Wings of Desire (1987) (1987)
October 22, 2018 8:17 PM - Subscribe

Two angels, Damiel and Cassiel, glide through the streets of Berlin, observing the bustling population, providing invisible rays of hope to the distressed but never interacting with them. When Damiel falls in love with lonely trapeze artist Marion, the angel longs to experience life in the physical world, and finds -- with some words of wisdom from actor Peter Falk -- that it might be possible for him to take human form.

A new restoration is in circulation now, taking advantage of the fact that we no longer need to process the film umpteen times to juxtapose black-and-white and color imagery. Just as strange and beautiful as when I saw it as a kid, with Peter Falk providing some much-needed down-to-earth moments.
posted by praemunire (8 comments total) 9 users marked this as a favorite
 
Oooh. I hadn't heard about the restoration. I'll have to seek it out.

Such a beautiful movie.
posted by rmd1023 at 9:28 AM on October 23, 2018 [1 favorite]


Yes, a fantastic movie. I was really moved.

Wenders made a sequel with the same cast, Far Away, So Close!, which was good but not as amazing as this one.

The film was loosely remade in Hollywood as City of Angels.
posted by ubiquity at 11:27 AM on October 23, 2018


Yeah, this movie's gorgeous.

I find myself a little surprised to see that it was made in 1987, but i think I would have been surprised to see it pinned any given year. It's a weird blend of classic and contemporary sensibilities, such that doesn't feel like it belongs to a particular time or place. It's really something special.
posted by Phobos the Space Potato at 1:54 PM on October 23, 2018


Here is finally a place where I can confess the huge crush I got on Bruno Ganz in this movie. I was in high school and an English teacher assigned us to watch it; I adored it. I could not imagine what the point of a remake was, especially not one starring Nicolas Cage, so if it is any good I do not know.
posted by Countess Elena at 2:14 PM on October 23, 2018 [2 favorites]


I have an odd form of color blindness which means that I can only see blue and shades of gray, so whenever anyone wants to know what the world looks like to me I point them to this movie.
posted by kyrademon at 4:56 PM on October 23, 2018 [1 favorite]


We just got to see this again on a big screen a free months ago at a local art house cinema. I love Wim Wenders just in general but especially Wings of Desire and Until the End of the World. I stumbled upon them in high school and even all my arty farty friends were like "wtf is this boring-ass shit" (they were way more into David Lynch because teenaged dudes and I will never forgive them for dragging me to Wild at Heart). It does kind of confirm to me that I'm not a complete philistine.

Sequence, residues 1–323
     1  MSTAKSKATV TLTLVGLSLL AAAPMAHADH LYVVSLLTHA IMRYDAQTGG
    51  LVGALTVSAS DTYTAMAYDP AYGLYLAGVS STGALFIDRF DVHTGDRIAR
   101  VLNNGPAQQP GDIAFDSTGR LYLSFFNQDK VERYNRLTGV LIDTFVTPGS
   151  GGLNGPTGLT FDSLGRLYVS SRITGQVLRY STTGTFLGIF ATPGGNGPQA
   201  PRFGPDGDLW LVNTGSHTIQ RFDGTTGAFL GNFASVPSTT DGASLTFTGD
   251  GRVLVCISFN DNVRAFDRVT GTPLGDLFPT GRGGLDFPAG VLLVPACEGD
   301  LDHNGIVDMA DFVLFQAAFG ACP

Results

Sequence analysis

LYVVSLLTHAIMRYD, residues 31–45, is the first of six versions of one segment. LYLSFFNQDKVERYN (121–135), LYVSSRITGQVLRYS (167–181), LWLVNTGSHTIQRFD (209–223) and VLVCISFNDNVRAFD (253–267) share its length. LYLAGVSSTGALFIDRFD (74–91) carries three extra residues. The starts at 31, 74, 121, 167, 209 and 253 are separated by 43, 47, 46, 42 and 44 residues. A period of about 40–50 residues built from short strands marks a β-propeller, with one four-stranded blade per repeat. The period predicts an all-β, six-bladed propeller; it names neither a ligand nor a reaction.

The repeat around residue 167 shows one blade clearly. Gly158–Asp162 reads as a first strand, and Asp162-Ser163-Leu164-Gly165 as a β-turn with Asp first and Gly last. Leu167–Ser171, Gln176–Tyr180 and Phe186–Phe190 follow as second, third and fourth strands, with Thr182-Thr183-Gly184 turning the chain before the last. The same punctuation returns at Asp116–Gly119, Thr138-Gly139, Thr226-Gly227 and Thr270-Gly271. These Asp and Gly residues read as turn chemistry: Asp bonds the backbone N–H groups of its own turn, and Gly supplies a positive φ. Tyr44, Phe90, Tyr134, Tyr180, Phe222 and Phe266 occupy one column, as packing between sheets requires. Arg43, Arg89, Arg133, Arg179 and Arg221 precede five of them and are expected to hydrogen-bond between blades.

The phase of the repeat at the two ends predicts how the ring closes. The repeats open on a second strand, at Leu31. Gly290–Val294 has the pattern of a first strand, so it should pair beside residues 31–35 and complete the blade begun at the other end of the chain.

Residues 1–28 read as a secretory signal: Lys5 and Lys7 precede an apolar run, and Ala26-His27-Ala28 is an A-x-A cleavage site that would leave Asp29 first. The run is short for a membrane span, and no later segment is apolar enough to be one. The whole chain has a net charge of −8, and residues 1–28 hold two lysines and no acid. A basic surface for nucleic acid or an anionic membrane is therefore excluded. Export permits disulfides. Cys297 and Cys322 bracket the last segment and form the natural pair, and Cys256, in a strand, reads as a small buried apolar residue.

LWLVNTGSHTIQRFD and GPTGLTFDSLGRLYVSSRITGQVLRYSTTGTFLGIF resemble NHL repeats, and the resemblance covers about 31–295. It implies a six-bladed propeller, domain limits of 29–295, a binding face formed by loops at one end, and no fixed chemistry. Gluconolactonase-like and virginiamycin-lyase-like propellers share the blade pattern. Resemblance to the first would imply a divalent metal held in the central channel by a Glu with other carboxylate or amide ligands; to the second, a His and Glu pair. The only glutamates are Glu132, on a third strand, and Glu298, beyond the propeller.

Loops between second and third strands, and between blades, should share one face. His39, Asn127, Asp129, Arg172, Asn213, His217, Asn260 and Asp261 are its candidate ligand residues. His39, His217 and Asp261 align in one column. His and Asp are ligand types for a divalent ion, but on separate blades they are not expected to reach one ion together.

(No mention of Nick Cave yet?)
posted by soren_lorensen at 5:22 PM on October 23, 2018 [1 favorite]


Oh, no, this movie is super 1987, with the divided Berlin and the Nick Cage and the way the people dress when they're not in circus costumes.

The long sequence in the Berlin library is just so beautiful. I feel like maybe it (meaning the film) went on about 20 minutes too long, but, you know, nitpicking.
posted by praemunire at 1:26 PM on October 24, 2018 [2 favorites]


In grad school a professor rented a 35mm print to show this as an example of non-plot-driven film narration - foregrounding mood and character rather then the standard three acts of Hollywood-style storytelling. Those of us who hadn't seen it before thought it was mystical, amazing, artful - a beautiful puzzle to figure out. Then we were told to reconvene on a Saturday to watch it again, because the first time reels had been mislabeled and our projectionist had assembled the print out of order. It made more sense of course, and we were kind of disappointed that our attempts to interpret it were based on this error. Somehow though the feeling of wonder persisted.

Something to watch for: Wenders' camera moves seem to have specific narrative implications, different than the conventional uses Hollywood has accustomed us to. Watch scene transitions carefully and you'll realize many shots and edits reflect the POV of the angels. Also note how he uses long tracking shots in non-standard ways - the approach to the motorcycle crash victim seems to be Damiel's pov, and then he walks into the shot; the sweeping pans back and forth in the no-man's-land between the walls with Cassiel just before Damiel's transition. This film was so rewarding to analyze carefully - it was like looking closely at the fine brush work, and then stepping back to see the full effect again.

I love love this movie.

But I find the Nick Cave sequences jarring, even unpleasant.
posted by conscious matter at 2:08 PM on October 24, 2018 [4 favorites]


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